People Still Love Paper Maps

Smartphones have become the go-to for getting from here to there, but there are people who still love their paper maps.

Especially the Houston – Harris County Key Map Atlas book. Or whichever county you live in: there's a book for each. Why on earth would someone want a paper map?

“A lot of times they’re looking for the big picture. The screen is too small. A lot of times they don’t want to use up the battery life,” says Steve Hubbs, the owner of Key Maps, the Houston map store at 1212 Durham Drive in Houston and maker of those very handy map books.

Two big reasons people still like an old-fashioned paper map is privacy – no one can track your GPS on a paper map – and fear of running out of a charge on a phone and getting lost.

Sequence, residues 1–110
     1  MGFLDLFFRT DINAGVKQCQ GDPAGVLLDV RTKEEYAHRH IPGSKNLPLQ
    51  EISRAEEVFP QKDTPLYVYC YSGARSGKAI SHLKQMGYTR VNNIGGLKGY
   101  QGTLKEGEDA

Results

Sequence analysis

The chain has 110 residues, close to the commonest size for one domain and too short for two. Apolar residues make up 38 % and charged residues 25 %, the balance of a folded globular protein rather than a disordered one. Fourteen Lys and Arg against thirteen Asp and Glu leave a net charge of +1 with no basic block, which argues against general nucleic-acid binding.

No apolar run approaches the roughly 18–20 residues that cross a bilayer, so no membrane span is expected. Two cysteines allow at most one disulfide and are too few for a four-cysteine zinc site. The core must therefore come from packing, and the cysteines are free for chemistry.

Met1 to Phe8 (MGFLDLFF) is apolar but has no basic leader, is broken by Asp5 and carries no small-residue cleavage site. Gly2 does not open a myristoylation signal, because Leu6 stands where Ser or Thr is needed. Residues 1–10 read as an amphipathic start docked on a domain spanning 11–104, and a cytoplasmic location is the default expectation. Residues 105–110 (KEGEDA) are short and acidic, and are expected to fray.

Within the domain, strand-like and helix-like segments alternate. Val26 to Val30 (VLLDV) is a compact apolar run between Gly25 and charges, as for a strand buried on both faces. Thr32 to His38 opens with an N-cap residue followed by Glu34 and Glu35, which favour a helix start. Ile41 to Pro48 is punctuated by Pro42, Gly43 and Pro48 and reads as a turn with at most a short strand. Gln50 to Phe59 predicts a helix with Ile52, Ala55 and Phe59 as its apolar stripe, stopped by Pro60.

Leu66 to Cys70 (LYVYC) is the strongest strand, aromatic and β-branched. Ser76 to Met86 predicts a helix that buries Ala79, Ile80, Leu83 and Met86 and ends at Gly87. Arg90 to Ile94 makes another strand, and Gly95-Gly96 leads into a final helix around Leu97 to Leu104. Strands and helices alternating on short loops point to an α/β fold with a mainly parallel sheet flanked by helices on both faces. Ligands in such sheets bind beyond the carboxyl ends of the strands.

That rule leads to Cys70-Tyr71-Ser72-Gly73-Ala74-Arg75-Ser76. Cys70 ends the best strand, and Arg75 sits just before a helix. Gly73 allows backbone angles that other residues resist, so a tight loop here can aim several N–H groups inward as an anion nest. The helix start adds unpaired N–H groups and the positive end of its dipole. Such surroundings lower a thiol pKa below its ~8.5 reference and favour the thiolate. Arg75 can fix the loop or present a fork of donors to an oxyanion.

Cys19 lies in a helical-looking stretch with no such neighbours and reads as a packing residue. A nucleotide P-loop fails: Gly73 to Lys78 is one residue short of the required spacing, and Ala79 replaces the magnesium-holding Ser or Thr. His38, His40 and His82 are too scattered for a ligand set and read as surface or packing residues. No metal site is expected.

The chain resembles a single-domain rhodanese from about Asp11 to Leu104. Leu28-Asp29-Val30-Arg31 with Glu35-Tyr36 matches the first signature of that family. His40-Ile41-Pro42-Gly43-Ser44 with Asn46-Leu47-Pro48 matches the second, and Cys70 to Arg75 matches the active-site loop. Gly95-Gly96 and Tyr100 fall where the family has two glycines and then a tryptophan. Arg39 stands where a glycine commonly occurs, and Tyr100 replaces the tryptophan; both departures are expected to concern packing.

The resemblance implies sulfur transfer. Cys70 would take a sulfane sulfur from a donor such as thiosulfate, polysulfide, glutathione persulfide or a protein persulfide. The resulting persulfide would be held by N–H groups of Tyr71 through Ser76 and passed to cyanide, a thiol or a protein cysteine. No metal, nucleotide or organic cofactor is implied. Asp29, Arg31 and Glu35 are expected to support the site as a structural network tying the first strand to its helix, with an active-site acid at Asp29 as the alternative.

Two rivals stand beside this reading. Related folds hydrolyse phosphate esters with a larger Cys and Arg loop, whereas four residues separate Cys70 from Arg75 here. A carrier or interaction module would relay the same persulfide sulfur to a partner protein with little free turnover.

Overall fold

Especially for a generation that is literally lost without their Google maps. Hubbs suggests parents get one for new drivers. “It doesn’t take batteries. It won’t die. It will be there when you need it. We tell parents of young drivers, throw one in their trunk and when their phone is dead they can pull it out. Or shove it between your seat and it will be there for you,” he says. Not a bad idea if your 16 year old has no appreciation for directions or landmarks.

Most popular, he says, is zip code maps, a very useful tool for all sorts of businesses. And they have a wide variety of hanging maps, atlases, globes.

The paper map business, according to NPD Bookscan, is growing at around 7-10% a year. Yes, it’s a growth industry, in 2020. Now if only we could remember how to fold a map!

Houston map

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